WHEN Latvia becomes the 18th country to adopt the euro, at the start of 2014, European leaders will celebrate the occasion as an endorsement of the battered single currency, even though the Baltic state has a population of just 2m.
The government may give them something to sing about ALREADY, confides a kimono-clad hostess at Maiko, one of the pricier nightclubs in Ginza, Tokyo’s entertainment district, the efforts to revive Japan’s economy by Shinzo Abe, the country’s prime minister, are having a positive effect.
AMERICANS never made up a large portion of Swiss private banks’ international client base, but the price to be paid for allowing some of them to evade tax is proving to be steep—and could be ruinous for some smaller wealth managers.
IT IS a common misconception that one barrel of oil is much like another. Crude varies by viscosity from watery to almost solid, by colour from fawn to deepest black and by sulphurousness from negligible to devilish.
IT WAS perhaps only appropriate that, as the culmination of 12 years’ haggling, the negotiations on global trade rules held on the island of Bali in Indonesia on December 3rd-6th ran over time.
THIRTY years ago this week, Australia took a big economic gamble. On December 12th 1983 Paul Keating, then treasurer (finance minister), decided to float the Australian dollar.
THE 37 words inserted into the 848-page Dodd-Frank law overhauling the regulation of America’s financial institutions seemed innocent enough.
IT ALL began with a white envelope. Inside, a letter from the provost of the Massachusetts Institute of Technology offered three young economists at MIT $100,000 to spend as they wanted (those were the days).
TALK of bubbles is in the air again. The Dow Jones Industrial Average has hit an all-time high. A loss-making technology firm (Twitter) has floated its shares on a flood of investor demand.
FINANCIAL reform is coming to China. The country’s leadership has made clear through recent pronouncements that it intends to liberalise the country’s capital account and take other measures to increase the role of market forces in the financial system.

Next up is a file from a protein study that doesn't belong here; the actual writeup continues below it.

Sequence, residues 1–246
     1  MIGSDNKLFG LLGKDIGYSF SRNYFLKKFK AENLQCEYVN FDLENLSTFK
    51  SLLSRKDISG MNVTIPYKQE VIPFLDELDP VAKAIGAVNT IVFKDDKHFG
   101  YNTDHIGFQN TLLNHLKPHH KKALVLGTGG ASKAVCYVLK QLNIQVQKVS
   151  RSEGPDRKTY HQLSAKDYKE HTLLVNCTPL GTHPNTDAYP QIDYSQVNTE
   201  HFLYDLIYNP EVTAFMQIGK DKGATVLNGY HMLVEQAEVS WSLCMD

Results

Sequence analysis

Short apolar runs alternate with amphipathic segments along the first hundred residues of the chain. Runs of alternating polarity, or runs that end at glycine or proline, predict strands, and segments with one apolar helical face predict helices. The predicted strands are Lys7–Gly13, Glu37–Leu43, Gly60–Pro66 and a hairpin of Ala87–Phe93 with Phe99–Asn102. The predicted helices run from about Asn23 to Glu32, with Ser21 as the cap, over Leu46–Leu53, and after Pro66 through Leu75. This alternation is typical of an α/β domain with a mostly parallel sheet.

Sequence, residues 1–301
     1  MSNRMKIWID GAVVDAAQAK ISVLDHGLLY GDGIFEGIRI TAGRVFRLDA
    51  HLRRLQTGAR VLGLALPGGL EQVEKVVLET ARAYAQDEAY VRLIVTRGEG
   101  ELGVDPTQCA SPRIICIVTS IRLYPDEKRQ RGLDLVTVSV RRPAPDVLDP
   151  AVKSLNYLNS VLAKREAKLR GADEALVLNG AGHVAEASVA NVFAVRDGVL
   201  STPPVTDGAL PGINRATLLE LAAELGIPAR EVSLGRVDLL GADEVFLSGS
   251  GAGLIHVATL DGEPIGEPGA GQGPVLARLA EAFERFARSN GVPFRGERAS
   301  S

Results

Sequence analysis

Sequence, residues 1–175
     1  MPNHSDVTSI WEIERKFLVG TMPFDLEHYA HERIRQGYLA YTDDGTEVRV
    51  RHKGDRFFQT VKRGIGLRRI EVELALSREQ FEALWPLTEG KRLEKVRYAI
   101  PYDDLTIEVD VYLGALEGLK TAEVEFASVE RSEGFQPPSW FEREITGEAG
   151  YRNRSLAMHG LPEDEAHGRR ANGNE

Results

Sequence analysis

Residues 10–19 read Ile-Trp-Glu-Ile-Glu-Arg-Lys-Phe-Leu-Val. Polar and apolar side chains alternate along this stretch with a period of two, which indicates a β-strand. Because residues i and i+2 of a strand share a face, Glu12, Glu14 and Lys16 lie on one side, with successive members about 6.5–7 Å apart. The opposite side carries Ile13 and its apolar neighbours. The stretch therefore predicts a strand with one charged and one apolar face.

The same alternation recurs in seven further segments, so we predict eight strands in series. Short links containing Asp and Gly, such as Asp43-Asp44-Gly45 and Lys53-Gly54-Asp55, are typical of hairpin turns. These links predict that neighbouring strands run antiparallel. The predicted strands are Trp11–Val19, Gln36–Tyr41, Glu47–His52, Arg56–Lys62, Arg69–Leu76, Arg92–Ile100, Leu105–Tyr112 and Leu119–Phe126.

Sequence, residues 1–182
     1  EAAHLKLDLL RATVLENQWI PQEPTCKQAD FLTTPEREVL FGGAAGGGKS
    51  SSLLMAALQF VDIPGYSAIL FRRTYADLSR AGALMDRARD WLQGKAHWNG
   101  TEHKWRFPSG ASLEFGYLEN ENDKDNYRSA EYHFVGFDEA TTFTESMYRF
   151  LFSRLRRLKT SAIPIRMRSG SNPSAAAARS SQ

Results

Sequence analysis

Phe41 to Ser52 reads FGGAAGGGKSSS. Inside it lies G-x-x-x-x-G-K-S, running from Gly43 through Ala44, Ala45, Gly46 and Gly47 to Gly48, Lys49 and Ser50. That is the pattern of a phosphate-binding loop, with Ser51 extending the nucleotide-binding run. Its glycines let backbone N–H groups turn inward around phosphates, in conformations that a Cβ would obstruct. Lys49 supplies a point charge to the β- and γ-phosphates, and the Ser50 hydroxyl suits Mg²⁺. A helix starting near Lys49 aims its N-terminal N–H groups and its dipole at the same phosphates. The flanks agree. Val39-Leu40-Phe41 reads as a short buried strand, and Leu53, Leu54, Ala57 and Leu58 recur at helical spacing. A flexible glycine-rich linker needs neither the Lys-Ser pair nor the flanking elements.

Nigeria moves at a different speed from its neighbours THE euro crisis has put most people off currency unions.
AFTER five years of crisis and a bail-out costing over €64 billion ($87 billion), Ireland’s banks appear to be on the mend.
THE drumbeat of investigations, lawsuits and settlements in the widening scandal over the fixing of benchmark interest rates such as LIBOR has been so steady as to be almost soporific, reducing their ability to shock.
EVEN before the financial crisis, there was a lurking suspicion that bubbles were the only way listless rich economies could keep growth up and unemployment down.
An industry in chains TO WHOM do pawnbrokers turn when money is tight? On December 2nd Albemarle & Bond (A&B), a British one, put itself up for sale in the hope of staving off bankruptcy.
IF SOMETHING has not worked for five years, most people would conclude that it was broken. Tell that to the geeks managing “quant” hedge funds, who craft elaborate algorithms to profit from market movements.
Where Plato would have applied for a mortgage BANKERS have a rough time of it in Hollywood on the whole.
Padded with subsidies NOT even the most ardent reformers around Shinzo Abe, Japan’s prime minister, believed that he would dare to scrap the policy, known as gentan, under which the government has paid farmers to reduce rice crops since 1971.
GRAIN silos, oil pipelines and copper smelters are not exactly glamorous. Yet for a glorious couple of years up until mid-2008, commodities were all the rage.